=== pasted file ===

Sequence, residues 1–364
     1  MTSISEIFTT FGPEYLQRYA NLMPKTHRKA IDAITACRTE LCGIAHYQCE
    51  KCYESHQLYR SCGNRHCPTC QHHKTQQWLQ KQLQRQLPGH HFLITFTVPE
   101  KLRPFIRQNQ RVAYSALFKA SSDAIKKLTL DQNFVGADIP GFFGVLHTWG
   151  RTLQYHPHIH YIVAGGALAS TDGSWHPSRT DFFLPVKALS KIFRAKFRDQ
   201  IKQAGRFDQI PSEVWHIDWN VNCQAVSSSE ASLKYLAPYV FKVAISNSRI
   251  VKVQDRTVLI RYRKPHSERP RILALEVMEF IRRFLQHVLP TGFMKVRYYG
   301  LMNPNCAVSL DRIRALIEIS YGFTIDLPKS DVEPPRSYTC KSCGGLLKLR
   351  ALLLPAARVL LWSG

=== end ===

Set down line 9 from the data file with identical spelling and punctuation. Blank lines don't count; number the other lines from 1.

   351  ALLLPAARVL LWSG